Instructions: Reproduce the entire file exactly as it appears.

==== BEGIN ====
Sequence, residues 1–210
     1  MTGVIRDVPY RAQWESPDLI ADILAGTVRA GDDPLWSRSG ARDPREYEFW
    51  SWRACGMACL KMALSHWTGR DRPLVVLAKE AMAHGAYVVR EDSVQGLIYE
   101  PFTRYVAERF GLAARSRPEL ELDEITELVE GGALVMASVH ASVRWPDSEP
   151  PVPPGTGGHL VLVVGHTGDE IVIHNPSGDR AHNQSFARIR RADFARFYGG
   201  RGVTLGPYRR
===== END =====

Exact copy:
Sequence, residues 1–210
     1  MTGVIRDVPY RAQWESPDLI ADILAGTVRA GDDPLWSRSG ARDPREYEFW
    51  SWRACGMACL KMALSHWTGR DRPLVVLAKE AMAHGAYVVR EDSVQGLIYE
   101  PFTRYVAERF GLAARSRPEL ELDEITELVE GGALVMASVH ASVRWPDSEP
   151  PVPPGTGGHL VLVVGHTGDE IVIHNPSGDR AHNQSFARIR RADFARFYGG
   201  RGVTLGPYRR